By Jefferson Siegel
Nearly two years after a Critical Mass cyclist was knocked off his bike by a rookie policeman on the job for only 11 days, the trial of former Officer Patrick Pogan got underway this week in Manhattan Supreme Court.
Pogan, who was captured on video knocking cyclist Christopher Long off his bike in Times Square, is charged with assault and falsifying a police report after claiming Long deliberately rode into him. The video, posted days later on YouTube and since viewed more than 2 million times, showed Long trying to avoid Pogan as the officer took several strides toward Long before knocking him onto the sidewalk.
As the prosecution presented its opening arguments on Monday, the existence of a little-known second video came to light. The video, shot by cyclist Alan Fox, a civil engineer who was riding behind Long, showed the Critical Mass group ride proceeding down Seventh Ave. At 47th St., Long is seen in the video raising his arms and cheering just before Pogan intercepts him.
In an interview with The Villager in September 2008, Long was asked about reports that he was waving his arms.
“That was on Eighth Avenue,” Long said. “That was long before I was in any eyesight of Pogan.”
The new video provided substantial insight into the evening’s events. Though it misses the momentary impact, what happens after the collision is presented in surprising detail. The widely disseminated YouTube video ran only 30 seconds and stopped just after the collision. The new video shows Long, lying on the sidewalk momentarily stunned, getting up and trying to ride away. After a brief pursuit by Pogan and a second officer, Long is intercepted a half-block away, where he struggles as Pogan tries to handcuff him.
Long admitted telling Pogan, “What are you waiting for? Go ahead, assault me,” as they struggled.
On Tuesday Long was questioned by Pogan’s lawyer, Stuart London. London tried to call Long’s credibility into question by digging into his history, which included Long having accidentally killed a pedestrian while driving in North Carolina in November 2001.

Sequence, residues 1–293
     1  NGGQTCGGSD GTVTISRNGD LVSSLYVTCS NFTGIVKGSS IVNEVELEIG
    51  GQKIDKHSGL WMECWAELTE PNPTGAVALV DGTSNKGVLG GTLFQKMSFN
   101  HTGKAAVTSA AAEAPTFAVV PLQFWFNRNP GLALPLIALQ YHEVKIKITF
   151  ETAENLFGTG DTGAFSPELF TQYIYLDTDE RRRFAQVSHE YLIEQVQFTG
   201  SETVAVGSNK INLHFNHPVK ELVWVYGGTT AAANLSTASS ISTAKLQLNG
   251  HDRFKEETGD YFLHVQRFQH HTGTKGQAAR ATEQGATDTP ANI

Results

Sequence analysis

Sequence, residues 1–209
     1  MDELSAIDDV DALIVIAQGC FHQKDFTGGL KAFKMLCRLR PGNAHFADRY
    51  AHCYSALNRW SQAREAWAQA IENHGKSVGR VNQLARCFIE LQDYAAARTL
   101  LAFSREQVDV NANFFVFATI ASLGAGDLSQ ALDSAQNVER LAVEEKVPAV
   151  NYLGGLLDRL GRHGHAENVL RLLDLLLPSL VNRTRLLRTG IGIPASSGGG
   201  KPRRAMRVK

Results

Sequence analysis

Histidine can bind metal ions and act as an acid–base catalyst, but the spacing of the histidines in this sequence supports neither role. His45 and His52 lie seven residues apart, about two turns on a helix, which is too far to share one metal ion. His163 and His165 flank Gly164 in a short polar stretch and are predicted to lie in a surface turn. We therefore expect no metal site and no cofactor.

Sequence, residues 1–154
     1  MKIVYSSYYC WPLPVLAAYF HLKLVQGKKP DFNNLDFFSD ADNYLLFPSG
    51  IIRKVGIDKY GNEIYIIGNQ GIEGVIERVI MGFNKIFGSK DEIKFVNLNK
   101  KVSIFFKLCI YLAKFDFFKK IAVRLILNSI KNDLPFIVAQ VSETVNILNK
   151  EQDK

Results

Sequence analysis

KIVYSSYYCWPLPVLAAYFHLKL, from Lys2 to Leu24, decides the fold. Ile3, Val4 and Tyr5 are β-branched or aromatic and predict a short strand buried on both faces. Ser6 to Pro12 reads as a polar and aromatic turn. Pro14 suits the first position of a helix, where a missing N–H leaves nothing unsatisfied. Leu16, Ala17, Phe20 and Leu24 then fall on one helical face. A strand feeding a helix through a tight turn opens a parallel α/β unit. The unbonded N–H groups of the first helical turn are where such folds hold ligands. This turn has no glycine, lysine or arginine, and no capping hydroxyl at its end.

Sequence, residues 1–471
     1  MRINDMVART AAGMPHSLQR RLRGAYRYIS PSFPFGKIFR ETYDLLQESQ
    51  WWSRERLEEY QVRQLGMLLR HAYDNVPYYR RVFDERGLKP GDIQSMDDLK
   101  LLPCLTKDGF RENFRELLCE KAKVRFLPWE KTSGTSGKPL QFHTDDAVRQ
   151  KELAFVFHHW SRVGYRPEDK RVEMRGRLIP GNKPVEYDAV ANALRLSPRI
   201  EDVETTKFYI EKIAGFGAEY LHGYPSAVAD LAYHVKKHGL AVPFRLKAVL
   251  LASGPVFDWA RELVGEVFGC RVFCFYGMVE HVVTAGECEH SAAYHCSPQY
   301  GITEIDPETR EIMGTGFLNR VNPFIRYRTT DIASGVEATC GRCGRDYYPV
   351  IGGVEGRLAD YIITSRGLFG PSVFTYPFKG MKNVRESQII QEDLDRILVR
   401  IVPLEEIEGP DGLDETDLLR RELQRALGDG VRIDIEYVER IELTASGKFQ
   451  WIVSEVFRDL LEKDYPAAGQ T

When London asked Long about a speeding infraction just two weeks later, Long replied, “It’s no wonder I stopped driving cars.”
Under questioning, Long also admitted to frequent marijuana use.
Asked about the Times Square incident, Long ultimately said of Pogan, “I don’t believe that he intended to injure me.”
As Long spoke, Pogan shifted his attention between the witness chair and the jury box. The former police officer declined to comment as he left court, walking past a row of reporters and photographers.
Outside the courtroom Tuesday afternoon, attorney London called Long a “wild man.” Long declined comment. The trial will continue this week.
Long had sued New York City and the New York Police Department for $1.5 million. Late last year, he settled for $65,000. Long was originally charged with resisting arrest, disorderly conduct and obstruction of governmental administration. The day after the incident, the Manhattan district attorney dropped the obstruction charge but added a charge of attempted assault. Soon after the YouTube video surfaced, all the charges were dismissed.